A cloaking device is a theoretical or fictional stealth technology that can cause objects, such as spaceships or individuals, to be partially or wholly invisible to parts of the electromagnetic (EM) spectrum.
Fictional cloaking devices have been used as plot devices in various media for many years.
Developments in scientific research show that real-world cloaking devices can obscure objects from at least one wavelength of EM emissions. Scientists already use artificial materials called metamaterials to bend light around an object.
Conceptual origins 
Inspired in part by the 1958 film Run Silent, Run Deep, Star Trek screenwriter Paul Schneider imagined cloaking as a space-travel analog of a submarine submerging, and employed it in the 1966 Star Trek episode "Balance of Terror". Another Star Trek screenwriter, D.C. Fontana, coined the term cloaking device for the 1968 episode "The Enterprise Incident".
Scientific experimentation 
An operational, non-fictional cloaking device might be an extension of the basic technologies used by stealth aircraft, such as radar-absorbing dark paint, optical camouflage, cooling the outer surface to minimize electromagnetic emissions (usually infrared), or other techniques to minimize other EM emissions, and to minimize particle emissions from the object. The use of certain devices to jam and confuse remote sensing devices would greatly aid in this process, but are more properly referred to as "active camouflage". Alternatively, metamaterials provide the theoretical possibility of making electromagnetic radiation appear to pass freely through the 'cloaked' object.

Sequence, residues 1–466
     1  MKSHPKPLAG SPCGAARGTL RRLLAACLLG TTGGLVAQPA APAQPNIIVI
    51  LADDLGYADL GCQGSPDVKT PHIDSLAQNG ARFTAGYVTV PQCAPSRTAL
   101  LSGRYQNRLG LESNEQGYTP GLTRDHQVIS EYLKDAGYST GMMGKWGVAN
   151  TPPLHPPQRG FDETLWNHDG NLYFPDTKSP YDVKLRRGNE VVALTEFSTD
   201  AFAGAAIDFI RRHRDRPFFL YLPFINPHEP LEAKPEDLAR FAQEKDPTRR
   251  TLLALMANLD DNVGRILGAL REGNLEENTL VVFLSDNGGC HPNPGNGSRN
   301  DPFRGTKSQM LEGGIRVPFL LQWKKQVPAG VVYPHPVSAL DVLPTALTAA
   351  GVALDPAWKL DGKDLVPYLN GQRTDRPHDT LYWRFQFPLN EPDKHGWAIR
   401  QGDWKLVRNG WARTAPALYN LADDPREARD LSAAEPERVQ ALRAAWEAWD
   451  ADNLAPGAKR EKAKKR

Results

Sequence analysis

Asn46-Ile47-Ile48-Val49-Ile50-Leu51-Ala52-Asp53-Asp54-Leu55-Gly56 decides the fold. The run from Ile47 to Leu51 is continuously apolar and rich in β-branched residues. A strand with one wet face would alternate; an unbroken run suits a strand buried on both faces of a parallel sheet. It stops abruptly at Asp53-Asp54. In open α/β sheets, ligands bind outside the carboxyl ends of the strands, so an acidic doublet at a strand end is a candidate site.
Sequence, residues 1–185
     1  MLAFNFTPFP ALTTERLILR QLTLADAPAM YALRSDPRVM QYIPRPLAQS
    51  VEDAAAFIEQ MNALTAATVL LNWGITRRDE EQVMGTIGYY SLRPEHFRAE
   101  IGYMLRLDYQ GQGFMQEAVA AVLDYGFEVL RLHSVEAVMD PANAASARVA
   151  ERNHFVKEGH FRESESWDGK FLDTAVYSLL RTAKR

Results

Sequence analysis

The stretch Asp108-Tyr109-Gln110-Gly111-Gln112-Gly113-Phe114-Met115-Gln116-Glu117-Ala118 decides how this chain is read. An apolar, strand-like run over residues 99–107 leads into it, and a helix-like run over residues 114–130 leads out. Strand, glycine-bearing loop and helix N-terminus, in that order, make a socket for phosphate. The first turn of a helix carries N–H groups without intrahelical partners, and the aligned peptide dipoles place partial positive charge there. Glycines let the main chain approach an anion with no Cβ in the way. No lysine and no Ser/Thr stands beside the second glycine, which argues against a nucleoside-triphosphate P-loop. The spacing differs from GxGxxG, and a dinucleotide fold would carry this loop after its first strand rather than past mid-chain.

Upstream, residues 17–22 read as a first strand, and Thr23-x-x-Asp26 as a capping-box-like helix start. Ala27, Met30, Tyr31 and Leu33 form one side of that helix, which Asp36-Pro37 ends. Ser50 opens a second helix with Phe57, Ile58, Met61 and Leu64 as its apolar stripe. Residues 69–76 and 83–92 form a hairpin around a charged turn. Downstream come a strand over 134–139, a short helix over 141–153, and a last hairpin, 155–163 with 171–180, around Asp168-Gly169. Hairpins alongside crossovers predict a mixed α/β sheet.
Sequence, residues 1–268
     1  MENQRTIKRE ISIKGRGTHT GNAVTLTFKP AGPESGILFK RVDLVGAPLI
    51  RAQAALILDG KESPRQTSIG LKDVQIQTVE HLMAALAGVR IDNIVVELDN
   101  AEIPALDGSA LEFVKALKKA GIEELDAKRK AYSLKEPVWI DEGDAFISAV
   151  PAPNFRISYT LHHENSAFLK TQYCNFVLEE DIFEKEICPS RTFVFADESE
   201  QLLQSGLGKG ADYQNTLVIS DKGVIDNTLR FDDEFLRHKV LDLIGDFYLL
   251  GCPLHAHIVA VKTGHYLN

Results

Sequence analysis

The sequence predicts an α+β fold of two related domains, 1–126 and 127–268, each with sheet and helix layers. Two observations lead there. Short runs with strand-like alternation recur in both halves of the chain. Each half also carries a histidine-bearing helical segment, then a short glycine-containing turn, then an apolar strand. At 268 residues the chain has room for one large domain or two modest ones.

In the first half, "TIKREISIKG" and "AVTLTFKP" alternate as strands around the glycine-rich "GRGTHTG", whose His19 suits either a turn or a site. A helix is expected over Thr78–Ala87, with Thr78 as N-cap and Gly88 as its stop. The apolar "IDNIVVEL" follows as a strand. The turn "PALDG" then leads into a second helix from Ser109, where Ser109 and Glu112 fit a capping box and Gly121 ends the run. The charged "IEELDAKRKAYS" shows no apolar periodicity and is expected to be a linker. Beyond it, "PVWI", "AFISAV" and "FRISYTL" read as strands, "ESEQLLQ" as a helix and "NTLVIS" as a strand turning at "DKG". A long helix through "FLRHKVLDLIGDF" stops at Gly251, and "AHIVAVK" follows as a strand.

Metamaterial research 
Optical metamaterials have featured in several recent proposals for invisibility schemes. "Metamaterials" refers to materials that owe their refractive properties to the way they are structured, rather than the substances that compose them. Using transformation optics it is possible to design the optical parameters of a "cloak" so that it guides light around some region, rendering it invisible over a certain band of wavelengths. These spatially varying optical parameters do not correspond to any natural material, but may be implemented using metamaterials. There are several theories of cloaking, giving rise to different types of invisibility.
Active camouflage 
Active camouflage (or adaptive camouflage) is a group of camouflage technologies which would allow an object (usually military in nature) to blend into its surroundings by use of panels or coatings capable of changing color or luminosity. Active camouflage can be seen as having the potential to become the perfection of the art of camouflaging things from visual detection.
Optical camouflage is a kind of active camouflage in which one wears a fabric which has an image of the scene directly behind the wearer projected onto it, so that the wearer appears invisible. The drawback to this system is that, when the cloaked wearer moves, a visible distortion is often generated as the 'fabric' catches up with the object's motion. The concept exists for now only in theory and in proof-of-concept prototypes, although many experts consider it technically feasible.
Plasma stealth 
Plasma at certain density ranges absorbs certain bandwidths of broadband waves, potentially rendering an object invisible. However, generating plasma in air is too expensive and a feasible alternative is generating plasma between thin membranes instead. The Defense Technical Information Center is also following up research on plasma reducing RCS technologies. A plasma cloaking device was patented in 1991.
See also 
- Cloak of invisibility
- Philadelphia Experiment
- Physics and Star Trek
- Physics and Star Wars
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